Looking inside hedge funds

Securities and Exchange Commission seal

KAI RYSSDAL: They're called hedge funds for a reason. Investors protecting themselves against an inopportune turn in the markets. Hedging their bets it'll go down. Or up, for that matter. The funds themselves, though, can be a gamble. And there are reports one of the biggest is getting a close look see by federal regulators.

Pequot Capital Management is a $7 billion hedge fund. The New York Times said today Pequot's under investigation for insider trading. No charges yet. And the fund denies doing anything untoward.

The SEC has been trying to increase its oversight of hedge funds. Despite all the money in them, they're still pretty loosely regulated. Today a federal appeals court said not so fast. Threw out the SEC's newest rule. Marketplace's Amy Scott has that story.


AMY SCOTT: The rule kicked in just four months ago. It required hedge fund managers to register as investment advisers with the SEC and submit to occasional audits. University of Pennsylvania law professor David Skeel says today's ruling sent the SEC back to square one.
DAVID SKEEL:"This was a major SEC initiative. It was the first real attempt to try to reign in hedge funds a bit. And it's failed as of this point. And I think it's going to be difficult for the SEC to get back on track."

The agency could appeal. But a statement from Chairman Christopher Cox today suggests it may not. Cox says the decision requires the agency to reevaluate its approach to hedge funds. The court called the rule "arbitrary," and said the agency had failed to make the case for its necessity. Hedge fund manager Phillip Goldstein brought the lawsuit against the SEC. He says the benefits of registration don't justify the costs. Goldstein says consider a fund called International Management Associates. It shut down early this year when its manager disappeared.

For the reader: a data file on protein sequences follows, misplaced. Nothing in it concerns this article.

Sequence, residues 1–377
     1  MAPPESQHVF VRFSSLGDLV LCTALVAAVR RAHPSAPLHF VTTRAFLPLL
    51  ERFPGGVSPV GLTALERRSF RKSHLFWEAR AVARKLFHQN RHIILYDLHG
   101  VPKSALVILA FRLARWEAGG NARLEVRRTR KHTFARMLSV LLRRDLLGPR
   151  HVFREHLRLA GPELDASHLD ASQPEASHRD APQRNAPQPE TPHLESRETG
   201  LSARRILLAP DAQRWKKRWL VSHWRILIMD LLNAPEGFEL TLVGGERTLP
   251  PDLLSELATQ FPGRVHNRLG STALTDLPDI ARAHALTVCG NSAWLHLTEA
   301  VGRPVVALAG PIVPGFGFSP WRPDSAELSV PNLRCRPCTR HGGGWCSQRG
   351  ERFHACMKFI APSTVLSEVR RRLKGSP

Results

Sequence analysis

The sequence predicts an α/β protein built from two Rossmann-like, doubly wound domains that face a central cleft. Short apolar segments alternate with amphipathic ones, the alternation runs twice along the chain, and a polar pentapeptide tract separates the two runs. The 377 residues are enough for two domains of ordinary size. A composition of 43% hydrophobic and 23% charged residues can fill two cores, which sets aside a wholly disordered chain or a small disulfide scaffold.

PHILLIP GOLDSTEIN:"They had registered. They had registered fairly recently before they got caught, you know, and then by the way, they didn't get caught by the SEC. They got caught by the investors."

Even without the rule, attorney Michael Tannenbaum expects most hedge fund managers to keep registering.

MICHAEL TANNENBAUM:"We had a client wrote to me this morning saying 'I heard about this new registration stuff. It really doesn't effect us because we sell into Japan. And the Japanese market almost insists that the manager be registered.'"

Tannenbaum says there's so much retirement money now invested in hedge funds, the market is asking for more transparency.

In New York, I'm Amy Scott for Marketplace.

About the author

Amy Scott is Marketplace’s education correspondent covering the K-12 and higher education beats, as well as general business and economic stories.

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